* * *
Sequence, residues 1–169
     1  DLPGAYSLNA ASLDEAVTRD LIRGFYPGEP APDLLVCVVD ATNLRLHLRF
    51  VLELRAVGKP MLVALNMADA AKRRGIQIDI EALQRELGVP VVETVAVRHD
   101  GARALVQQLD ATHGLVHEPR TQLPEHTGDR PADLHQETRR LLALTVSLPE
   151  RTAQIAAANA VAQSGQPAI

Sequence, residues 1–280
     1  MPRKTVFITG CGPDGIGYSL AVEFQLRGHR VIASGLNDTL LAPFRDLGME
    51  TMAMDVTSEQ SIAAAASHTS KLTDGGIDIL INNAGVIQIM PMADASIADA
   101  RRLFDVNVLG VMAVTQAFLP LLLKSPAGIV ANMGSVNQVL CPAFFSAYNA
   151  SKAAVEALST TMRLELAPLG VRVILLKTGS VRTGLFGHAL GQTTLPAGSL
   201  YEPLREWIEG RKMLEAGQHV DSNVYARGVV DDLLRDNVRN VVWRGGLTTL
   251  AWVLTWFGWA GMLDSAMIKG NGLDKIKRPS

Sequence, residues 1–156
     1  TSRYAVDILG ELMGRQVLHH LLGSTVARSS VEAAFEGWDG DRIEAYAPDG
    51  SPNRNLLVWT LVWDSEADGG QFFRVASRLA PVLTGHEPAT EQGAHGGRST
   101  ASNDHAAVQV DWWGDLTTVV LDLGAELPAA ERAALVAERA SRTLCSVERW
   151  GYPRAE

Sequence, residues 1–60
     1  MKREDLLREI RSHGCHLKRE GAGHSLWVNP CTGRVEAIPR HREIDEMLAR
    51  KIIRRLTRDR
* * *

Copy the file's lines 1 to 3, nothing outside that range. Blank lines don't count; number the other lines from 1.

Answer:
Sequence, residues 1–169
     1  DLPGAYSLNA ASLDEAVTRD LIRGFYPGEP APDLLVCVVD ATNLRLHLRF
    51  VLELRAVGKP MLVALNMADA AKRRGIQIDI EALQRELGVP VVETVAVRHD